BACKGROUND: Patients with chemotherapy refractory metastatic colorectal cancer (CRC) have a poor prognosis and limited therapeutic options. In this phase Ib/II clinical trial, we established the maximum tolerated dose (MTD) and recommended phase II dose (RPTD) for the combination of capecitabine and ziv-aflibercept, and then we evaluated the efficacy of the combination in patients with chemotherapy refractory metastatic CRC. METHODS: All patients were required to have a Karnofsky Performance Status > 70% and adequate organ function. The phase Ib dose escalation cohort included patients with advanced solid tumors who had progressed on all standard therapies. Using a standard 3 + 3 design, we identified the MTD and RPTD for the combination. Fifty patients with metastatic CRC who had progressed on or were intolerant of a fluoropyrimidine, oxaliplatin, irinotecan, and bevacizumab were then enrolled in a single-arm phase II expansion cohort, and were treated at the RPTD. Prior EGFR antibody therapy was required for subjects with RAS wildtype tumors. The primary endpoint for the expansion cohort was progression-free survival (PFS) at two months. Secondary endpoints included objective response rate (ORR) and overall survival (OS). RESULTS: A total of 63 patients were enrolled and evaluable for toxicity (13 dose escalation; 50 expansion). The MTD and RPTD were: capecitabine 850 mg/m2, P.O. bid, days 1-14, and ziv-aflibercept 6 mg/kg I.V., day 1, of each 21-day cycle. In the expansion cohort, 72% of patients were progression-free at two months (95% confidence interval [CI], 60-84%). Median PFS and OS were 3.9 months (95% CI, 2.3-4.5) and 7.1 months (95% CI: 5.8-10.0), respectively. Among all patients evaluable for toxicity, the most common treatment related adverse events (all grade [%]; grade ≥ 3 [%]) included palmar-plantar erythrodysesthesia (41%; 6%), hypertension (33%; 22%), and mucositis (19%; 5%). RNA was isolated from archived tumor specimens and gene expression analyses revealed no association between angiogenic biomarkers and clinical outcomes. CONCLUSION: The combination of capecitabine and ziv-aflibercept at the RPTD demonstrated acceptable safety and tolerability. PFS at 2 months in patients with chemotherapy refractory metastatic CRC was significantly greater than that in historical controls, indicating that this combination warrants further study. TRIAL REGISTRATION: This clinical trial was registered in the www.clinicaltrials.gov system as NCT01661972 on July 31, 2012.
Authors
Strickler, JH; Rushing, CN; Niedzwiecki, D; McLeod, A; Altomare, I; Uronis, HE; Hsu, SD; Zafar, SY; Morse, MA; Chang, DZ; Wells, JL; Blackwell, KL; Marcom, PK; Arrowood, C; Bolch, E; Haley, S; Rangwala, FA; Hatch, AJ; Nixon, AB; Hurwitz, HI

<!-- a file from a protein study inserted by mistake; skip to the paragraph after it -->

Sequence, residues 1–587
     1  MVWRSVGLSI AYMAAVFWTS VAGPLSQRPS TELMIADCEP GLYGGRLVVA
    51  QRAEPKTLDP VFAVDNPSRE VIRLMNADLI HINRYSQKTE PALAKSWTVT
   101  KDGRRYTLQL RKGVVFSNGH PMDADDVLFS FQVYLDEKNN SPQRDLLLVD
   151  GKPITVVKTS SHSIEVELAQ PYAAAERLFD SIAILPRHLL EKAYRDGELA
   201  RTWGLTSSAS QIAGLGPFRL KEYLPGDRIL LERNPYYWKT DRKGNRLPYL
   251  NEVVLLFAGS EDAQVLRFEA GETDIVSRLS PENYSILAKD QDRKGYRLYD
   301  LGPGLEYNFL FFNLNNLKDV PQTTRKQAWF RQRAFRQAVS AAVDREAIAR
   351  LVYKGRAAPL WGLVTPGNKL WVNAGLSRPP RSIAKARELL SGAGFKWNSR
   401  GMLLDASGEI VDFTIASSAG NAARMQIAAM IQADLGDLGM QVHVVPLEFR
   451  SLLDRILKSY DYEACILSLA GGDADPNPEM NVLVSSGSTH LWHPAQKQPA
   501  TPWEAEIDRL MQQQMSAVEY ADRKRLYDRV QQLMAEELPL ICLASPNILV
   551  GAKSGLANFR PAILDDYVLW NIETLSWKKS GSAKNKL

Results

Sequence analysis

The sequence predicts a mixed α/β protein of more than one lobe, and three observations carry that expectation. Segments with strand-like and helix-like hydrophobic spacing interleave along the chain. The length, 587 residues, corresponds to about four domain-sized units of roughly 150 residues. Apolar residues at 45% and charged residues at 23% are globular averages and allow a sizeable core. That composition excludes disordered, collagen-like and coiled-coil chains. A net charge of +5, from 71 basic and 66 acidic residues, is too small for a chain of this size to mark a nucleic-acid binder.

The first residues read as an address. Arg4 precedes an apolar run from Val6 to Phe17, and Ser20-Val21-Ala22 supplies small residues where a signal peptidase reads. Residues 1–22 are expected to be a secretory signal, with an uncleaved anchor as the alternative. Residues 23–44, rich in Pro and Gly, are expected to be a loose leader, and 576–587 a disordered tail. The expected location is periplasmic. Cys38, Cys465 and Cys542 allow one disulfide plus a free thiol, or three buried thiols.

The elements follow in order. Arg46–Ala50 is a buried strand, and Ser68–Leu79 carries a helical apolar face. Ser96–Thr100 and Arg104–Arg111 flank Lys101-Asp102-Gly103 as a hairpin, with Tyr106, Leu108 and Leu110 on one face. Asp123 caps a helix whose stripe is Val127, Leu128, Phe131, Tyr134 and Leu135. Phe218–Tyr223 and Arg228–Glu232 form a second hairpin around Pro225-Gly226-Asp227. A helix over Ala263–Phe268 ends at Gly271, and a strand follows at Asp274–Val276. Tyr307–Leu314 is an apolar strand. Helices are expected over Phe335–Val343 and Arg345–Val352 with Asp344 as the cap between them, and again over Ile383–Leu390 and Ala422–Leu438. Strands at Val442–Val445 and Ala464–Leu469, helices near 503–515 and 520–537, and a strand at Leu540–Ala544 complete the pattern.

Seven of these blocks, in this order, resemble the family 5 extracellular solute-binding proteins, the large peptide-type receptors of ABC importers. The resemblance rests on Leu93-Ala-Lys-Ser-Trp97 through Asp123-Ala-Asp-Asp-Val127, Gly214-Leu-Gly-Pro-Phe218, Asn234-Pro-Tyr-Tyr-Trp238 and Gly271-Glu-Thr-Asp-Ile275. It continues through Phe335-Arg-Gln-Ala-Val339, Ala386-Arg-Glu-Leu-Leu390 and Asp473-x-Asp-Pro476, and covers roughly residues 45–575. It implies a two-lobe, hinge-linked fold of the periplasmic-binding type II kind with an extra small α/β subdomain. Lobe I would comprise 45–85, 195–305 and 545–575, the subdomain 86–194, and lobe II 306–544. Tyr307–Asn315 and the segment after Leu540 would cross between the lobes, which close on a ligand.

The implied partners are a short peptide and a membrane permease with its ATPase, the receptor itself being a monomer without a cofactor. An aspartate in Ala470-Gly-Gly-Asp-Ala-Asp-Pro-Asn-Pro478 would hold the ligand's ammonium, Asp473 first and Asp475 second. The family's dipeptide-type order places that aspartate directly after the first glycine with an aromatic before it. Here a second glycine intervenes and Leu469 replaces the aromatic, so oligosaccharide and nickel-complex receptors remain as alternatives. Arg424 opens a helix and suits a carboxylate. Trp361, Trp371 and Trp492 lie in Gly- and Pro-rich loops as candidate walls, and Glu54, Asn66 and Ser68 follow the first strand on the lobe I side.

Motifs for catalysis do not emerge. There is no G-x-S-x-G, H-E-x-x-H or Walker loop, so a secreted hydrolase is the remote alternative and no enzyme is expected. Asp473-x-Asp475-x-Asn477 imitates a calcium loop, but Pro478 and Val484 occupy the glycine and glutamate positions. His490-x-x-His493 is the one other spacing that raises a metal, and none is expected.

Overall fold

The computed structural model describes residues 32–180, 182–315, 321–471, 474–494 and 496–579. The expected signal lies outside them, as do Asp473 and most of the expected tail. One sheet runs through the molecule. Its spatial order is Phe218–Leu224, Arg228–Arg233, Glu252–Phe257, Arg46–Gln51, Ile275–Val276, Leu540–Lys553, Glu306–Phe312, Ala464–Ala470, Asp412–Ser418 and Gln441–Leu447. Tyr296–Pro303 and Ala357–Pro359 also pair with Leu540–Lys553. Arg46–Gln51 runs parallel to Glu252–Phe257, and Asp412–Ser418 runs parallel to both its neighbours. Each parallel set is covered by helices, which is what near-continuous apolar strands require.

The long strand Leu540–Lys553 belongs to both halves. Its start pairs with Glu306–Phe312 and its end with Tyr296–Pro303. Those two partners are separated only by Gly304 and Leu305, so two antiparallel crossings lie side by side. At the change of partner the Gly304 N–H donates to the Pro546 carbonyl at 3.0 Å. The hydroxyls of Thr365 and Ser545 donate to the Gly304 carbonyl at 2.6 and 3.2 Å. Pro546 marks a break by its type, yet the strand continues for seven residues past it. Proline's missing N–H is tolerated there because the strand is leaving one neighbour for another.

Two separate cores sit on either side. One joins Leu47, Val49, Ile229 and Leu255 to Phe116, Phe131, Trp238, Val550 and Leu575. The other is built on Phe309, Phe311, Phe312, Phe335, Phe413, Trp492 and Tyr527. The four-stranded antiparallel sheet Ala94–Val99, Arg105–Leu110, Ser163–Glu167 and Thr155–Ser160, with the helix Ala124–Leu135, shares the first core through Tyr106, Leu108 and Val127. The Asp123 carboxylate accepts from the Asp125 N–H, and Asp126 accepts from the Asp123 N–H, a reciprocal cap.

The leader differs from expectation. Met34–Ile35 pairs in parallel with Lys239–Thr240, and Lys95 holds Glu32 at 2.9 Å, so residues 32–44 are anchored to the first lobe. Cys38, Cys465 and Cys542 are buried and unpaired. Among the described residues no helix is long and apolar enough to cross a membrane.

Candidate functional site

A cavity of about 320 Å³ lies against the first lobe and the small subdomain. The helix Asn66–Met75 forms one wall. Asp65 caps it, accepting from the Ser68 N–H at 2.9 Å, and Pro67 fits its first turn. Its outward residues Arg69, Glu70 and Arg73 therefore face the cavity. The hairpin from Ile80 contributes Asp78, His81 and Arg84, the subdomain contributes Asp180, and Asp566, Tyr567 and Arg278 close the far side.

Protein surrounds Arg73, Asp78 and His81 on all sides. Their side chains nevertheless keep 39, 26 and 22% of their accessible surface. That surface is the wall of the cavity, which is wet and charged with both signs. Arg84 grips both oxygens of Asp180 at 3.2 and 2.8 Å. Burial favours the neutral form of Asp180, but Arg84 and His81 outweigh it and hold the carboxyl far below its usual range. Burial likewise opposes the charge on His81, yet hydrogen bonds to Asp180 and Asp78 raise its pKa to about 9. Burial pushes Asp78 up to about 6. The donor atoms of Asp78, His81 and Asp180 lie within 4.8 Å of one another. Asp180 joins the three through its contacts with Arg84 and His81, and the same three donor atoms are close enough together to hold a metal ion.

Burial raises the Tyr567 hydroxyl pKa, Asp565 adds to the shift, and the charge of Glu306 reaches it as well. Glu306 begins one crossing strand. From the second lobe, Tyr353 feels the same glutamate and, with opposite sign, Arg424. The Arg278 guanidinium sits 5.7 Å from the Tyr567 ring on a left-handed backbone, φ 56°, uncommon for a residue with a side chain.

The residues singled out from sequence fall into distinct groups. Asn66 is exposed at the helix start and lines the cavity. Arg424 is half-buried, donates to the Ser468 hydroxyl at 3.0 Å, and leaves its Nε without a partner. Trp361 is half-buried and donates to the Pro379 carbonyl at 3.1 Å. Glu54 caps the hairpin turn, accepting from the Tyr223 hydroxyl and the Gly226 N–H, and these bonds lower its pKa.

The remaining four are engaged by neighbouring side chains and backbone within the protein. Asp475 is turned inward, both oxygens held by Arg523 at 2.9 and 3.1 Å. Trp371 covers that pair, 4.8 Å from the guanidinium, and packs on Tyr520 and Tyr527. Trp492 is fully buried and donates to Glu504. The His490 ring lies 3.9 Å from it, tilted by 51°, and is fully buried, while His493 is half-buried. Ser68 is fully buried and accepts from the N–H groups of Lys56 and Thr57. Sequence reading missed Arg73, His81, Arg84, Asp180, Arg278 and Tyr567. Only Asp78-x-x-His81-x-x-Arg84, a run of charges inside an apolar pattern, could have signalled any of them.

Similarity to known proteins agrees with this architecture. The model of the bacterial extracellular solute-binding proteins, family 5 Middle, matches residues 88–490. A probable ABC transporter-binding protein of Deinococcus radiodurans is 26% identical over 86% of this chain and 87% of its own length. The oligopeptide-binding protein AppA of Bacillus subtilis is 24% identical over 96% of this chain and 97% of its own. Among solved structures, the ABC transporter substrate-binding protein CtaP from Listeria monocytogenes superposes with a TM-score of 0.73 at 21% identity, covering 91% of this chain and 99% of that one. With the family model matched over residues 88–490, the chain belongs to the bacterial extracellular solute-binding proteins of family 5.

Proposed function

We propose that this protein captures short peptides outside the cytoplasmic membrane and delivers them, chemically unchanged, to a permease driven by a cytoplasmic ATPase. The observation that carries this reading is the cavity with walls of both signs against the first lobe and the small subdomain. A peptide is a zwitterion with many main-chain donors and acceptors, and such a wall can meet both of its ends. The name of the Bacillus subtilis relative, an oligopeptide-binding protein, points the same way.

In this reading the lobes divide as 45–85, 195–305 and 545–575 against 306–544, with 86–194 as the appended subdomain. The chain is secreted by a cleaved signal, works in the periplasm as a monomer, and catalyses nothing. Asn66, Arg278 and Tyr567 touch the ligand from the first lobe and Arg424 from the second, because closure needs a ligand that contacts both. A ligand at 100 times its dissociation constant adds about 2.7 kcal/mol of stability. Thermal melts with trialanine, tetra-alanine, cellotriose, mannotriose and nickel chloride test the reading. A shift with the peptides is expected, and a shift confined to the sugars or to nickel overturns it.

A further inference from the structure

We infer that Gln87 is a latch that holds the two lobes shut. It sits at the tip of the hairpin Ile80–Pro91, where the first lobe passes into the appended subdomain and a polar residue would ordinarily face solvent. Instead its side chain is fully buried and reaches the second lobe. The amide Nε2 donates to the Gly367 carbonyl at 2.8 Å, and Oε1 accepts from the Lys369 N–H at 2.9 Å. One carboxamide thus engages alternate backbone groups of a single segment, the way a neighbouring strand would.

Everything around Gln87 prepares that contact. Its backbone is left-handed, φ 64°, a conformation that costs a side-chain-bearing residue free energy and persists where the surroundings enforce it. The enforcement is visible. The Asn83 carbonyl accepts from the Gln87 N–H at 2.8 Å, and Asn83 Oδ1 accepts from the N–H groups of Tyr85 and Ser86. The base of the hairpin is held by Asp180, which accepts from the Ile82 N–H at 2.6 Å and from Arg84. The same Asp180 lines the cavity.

MLA Citation
Strickler, John H., et al. “A phase Ib study of capecitabine and ziv-aflibercept followed by a phase II single-arm expansion cohort in chemotherapy refractory metastatic colorectal cancer.Bmc Cancer, vol. 19, no. 1, Nov. 2019, p. 1032. Pubmed, doi:10.1186/s12885-019-6234-8.
URI
https://scholars.duke.edu/individual/pub1417915
PMID
31675952
Source
pubmed
Published In
Bmc Cancer
Volume
19
Published Date
Start Page
1032
DOI
10.1186/s12885-019-6234-8

Breast Cancer Version 2.2015.

Breast cancer is the most common malignancy in women in the United States and is second only to lung cancer as a cause of cancer death. The overall management of breast cancer includes the treatment of local disease with surgery, radiation therapy, or both, and the treatment of systemic disease with cytotoxic chemotherapy, endocrine therapy, biologic therapy, or combinations of these. This portion of the NCCN Guidelines discusses recommendations specific to the locoregional management of clinical stage I, II, and IIIA (T3N1M0) tumors.
Authors
Gradishar, WJ; Anderson, BO; Balassanian, R; Blair, SL; Burstein, HJ; Cyr, A; Elias, AD; Farrar, WB; Forero, A; Giordano, SH; Goetz, M; Goldstein, LJ; Hudis, CA; Isakoff, SJ; Marcom, PK; Mayer, IA; McCormick, B; Moran, M; Patel, SA; Pierce, LJ; Reed, EC; Salerno, KE; Schwartzberg, LS; Smith, KL; Smith, ML; Soliman, H; Somlo, G; Telli, M; Ward, JH; Shead, DA; Kumar, R
MLA Citation
Gradishar, William J., et al. “Breast Cancer Version 2.2015.J Natl Compr Canc Netw, vol. 13, no. 4, Apr. 2015, pp. 448–75. Pubmed, doi:10.6004/jnccn.2015.0060.
URI
https://scholars.duke.edu/individual/pub1063489
PMID
25870381
Source
pubmed
Published In
J Natl Compr Canc Netw
Volume
13
Published Date
Start Page
448
End Page
475
DOI
10.6004/jnccn.2015.0060